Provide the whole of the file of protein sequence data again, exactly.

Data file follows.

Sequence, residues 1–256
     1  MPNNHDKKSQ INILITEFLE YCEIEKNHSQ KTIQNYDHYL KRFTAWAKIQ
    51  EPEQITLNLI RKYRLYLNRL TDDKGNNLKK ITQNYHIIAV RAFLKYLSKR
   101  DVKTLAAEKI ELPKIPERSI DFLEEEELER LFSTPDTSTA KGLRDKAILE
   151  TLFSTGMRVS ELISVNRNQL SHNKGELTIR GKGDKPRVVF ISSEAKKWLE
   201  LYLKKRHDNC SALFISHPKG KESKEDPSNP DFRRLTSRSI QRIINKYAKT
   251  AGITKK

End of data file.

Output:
Sequence, residues 1–256
     1  MPNNHDKKSQ INILITEFLE YCEIEKNHSQ KTIQNYDHYL KRFTAWAKIQ
    51  EPEQITLNLI RKYRLYLNRL TDDKGNNLKK ITQNYHIIAV RAFLKYLSKR
   101  DVKTLAAEKI ELPKIPERSI DFLEEEELER LFSTPDTSTA KGLRDKAILE
   151  TLFSTGMRVS ELISVNRNQL SHNKGELTIR GKGDKPRVVF ISSEAKKWLE
   201  LYLKKRHDNC SALFISHPKG KESKEDPSNP DFRRLTSRSI QRIINKYAKT
   251  AGITKK